As far back as I can remember when producers would send me scripts, I’d often get questions like, “Aside from this role we want you for, do you know anyone else that can play so and so kind of role?” And I don’t think anybody ever came back to me with complaints like, “This actor didn’t deliver.” It’s something that I like doing. So, casting doesn’t come as hard work for me. But what really made me delve into it was when COVID happened and the acting jobs stopped coming in. I remember being frustrated. So, I told God, “Open my eyes to see what else I can do within the industry as a side hustle.” And talent agency was what kept coming.
As a rising actor, you need to find other departments in film production that you’re good at if you really want to succeed in this industry.
What led to the inception of Rare Gem Talent Agency?
I wanted to create a platform where filmmakers can find the right talents for their projects, where talents can also connect with filmmakers and be in projects that will help them elevate their careers; productions that are stress-free. I’m an actor too and during my earliest days of acting, one of my biggest sources of stress was always having to think about when I was going to get paid—if I was going to get paid on time or at all. I’d also have to worry about how I would get home if a shoot ran late. You know, we young talents don’t often have people to fight these battles for us. But at Rare Gem Talent Agency, we ensure that all these other areas have been taken care of, and our talents don’t have to worry about anything aside from acting.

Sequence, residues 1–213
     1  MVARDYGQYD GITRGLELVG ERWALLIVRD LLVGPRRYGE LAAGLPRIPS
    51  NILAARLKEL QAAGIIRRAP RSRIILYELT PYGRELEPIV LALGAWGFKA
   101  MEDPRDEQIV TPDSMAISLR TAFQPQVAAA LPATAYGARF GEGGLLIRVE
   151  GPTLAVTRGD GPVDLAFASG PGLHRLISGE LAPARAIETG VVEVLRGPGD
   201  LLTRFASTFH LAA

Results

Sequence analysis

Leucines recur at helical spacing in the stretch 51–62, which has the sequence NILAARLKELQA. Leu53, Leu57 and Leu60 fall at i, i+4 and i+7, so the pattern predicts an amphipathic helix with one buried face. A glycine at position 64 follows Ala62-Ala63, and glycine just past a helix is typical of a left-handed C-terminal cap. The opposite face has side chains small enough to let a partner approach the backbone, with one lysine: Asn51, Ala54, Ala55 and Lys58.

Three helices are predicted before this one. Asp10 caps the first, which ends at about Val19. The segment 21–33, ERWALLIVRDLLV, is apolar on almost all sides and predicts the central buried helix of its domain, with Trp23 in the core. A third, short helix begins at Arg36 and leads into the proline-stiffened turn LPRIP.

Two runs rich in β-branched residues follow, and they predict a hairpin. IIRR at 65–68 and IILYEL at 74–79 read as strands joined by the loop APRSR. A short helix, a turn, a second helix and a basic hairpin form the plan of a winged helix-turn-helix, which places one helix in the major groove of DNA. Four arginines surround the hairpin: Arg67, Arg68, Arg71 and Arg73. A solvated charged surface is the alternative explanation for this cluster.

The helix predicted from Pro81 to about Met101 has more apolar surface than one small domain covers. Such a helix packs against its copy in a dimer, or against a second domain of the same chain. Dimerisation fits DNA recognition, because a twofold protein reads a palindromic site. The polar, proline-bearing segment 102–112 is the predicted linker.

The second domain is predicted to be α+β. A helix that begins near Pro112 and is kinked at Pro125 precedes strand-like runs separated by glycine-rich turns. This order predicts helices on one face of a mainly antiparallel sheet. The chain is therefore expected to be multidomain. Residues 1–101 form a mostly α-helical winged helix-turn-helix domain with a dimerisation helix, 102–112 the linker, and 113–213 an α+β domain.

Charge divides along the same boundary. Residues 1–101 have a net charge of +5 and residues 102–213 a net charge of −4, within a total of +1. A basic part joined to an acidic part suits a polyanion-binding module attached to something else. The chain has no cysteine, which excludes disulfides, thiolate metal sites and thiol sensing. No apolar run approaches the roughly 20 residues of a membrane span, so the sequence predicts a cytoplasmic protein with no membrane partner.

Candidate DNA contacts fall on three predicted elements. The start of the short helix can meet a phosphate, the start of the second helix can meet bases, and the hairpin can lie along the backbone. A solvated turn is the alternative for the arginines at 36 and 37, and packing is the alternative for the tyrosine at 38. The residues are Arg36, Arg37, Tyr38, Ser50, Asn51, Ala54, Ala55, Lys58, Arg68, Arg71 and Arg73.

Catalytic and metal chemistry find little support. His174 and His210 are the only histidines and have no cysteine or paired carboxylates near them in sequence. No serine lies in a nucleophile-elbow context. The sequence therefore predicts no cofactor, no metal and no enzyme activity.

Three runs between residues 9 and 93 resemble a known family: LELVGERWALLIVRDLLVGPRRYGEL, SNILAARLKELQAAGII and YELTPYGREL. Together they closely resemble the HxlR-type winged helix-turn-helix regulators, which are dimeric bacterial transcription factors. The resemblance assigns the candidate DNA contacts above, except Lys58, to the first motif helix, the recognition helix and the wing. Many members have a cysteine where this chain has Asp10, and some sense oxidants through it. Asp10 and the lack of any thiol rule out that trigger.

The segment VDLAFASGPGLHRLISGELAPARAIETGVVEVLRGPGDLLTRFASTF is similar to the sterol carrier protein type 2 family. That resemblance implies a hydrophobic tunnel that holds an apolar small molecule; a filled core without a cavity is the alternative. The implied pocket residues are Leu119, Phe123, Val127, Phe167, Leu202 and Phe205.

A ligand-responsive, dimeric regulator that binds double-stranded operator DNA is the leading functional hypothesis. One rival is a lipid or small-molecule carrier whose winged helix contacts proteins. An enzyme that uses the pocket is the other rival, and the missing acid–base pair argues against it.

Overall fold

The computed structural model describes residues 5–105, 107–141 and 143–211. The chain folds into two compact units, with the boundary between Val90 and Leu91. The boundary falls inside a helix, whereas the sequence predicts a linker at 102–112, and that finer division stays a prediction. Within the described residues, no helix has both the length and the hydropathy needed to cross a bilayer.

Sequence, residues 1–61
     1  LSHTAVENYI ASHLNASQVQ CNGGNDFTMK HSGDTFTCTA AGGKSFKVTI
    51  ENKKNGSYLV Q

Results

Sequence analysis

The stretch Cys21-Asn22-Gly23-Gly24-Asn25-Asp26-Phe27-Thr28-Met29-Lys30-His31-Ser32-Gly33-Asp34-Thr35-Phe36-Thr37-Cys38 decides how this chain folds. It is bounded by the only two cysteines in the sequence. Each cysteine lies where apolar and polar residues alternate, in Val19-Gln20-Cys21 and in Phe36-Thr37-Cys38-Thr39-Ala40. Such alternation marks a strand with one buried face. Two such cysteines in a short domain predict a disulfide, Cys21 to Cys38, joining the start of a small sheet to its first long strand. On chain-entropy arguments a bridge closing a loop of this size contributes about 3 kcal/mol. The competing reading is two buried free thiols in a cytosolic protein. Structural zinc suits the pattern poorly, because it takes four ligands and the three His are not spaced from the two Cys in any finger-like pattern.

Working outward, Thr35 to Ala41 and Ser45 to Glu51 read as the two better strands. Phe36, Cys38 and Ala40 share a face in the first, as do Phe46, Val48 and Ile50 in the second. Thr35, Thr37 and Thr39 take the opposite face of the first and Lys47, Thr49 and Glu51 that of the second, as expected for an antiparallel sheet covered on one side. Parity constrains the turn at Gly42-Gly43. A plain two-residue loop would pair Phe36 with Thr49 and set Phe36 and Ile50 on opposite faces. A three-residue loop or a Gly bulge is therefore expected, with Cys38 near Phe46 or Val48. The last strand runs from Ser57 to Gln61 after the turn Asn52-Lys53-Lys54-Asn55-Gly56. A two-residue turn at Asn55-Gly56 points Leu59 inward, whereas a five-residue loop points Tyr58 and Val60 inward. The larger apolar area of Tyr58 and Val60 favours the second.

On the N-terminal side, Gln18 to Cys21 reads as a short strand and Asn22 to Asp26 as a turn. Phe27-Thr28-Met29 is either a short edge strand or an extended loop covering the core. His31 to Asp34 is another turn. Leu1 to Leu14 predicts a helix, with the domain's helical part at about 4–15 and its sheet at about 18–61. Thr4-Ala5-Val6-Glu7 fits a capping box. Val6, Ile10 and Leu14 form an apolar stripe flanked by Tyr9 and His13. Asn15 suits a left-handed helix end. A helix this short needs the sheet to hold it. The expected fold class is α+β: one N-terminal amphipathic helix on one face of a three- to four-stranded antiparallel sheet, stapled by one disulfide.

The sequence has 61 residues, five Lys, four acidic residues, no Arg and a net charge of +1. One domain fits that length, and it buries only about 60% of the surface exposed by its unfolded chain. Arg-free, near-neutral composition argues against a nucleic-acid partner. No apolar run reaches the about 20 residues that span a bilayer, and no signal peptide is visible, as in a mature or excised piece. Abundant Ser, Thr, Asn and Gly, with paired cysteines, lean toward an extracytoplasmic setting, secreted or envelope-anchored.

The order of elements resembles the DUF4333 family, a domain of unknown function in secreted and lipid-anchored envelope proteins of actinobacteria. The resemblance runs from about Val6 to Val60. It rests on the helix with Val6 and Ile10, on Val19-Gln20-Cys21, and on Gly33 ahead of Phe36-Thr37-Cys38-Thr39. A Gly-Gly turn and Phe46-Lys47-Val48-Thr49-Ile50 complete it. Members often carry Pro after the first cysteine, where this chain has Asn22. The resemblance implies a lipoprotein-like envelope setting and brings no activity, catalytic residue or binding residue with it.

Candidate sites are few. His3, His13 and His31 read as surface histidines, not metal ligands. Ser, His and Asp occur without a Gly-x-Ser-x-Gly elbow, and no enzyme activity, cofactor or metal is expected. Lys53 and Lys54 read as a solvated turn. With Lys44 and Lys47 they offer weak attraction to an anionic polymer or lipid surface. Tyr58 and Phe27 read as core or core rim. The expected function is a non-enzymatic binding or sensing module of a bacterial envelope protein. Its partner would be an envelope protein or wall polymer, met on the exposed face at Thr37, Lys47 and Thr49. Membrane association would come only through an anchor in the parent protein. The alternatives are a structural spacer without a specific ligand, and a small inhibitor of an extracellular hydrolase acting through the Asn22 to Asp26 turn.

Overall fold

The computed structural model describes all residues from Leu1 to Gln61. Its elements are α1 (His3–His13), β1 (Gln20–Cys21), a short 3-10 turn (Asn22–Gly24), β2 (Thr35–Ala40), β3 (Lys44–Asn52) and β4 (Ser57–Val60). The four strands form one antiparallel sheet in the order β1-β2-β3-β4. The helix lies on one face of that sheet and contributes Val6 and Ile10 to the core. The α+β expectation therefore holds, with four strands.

I’m hoping that Nollywood gets to a point where talents, especially young talents, can get treated better on set. Where they can say, “Because I worked through Waliu on that project, they were able to pay me right and treat me right on set, regardless of being a known name, a popular face, or not.” I’m hoping for an industry where, 5–10 years from now, people can do one job, not like a hundred, before they can say that they’re living the life. I’m not of the school of thought that says you have to work for everybody or do every job before you can start living right. Regardless of whether you’re an extra or a lead, you deserve to be treated with respect as a human. So yeah, that’s my goal.
How does the process work? And how would you describe your different roles?
In casting, the first thing is to get the script from the production; I read it, understand it, and ask for the Character Bible of each character that I’ve been asked to cast.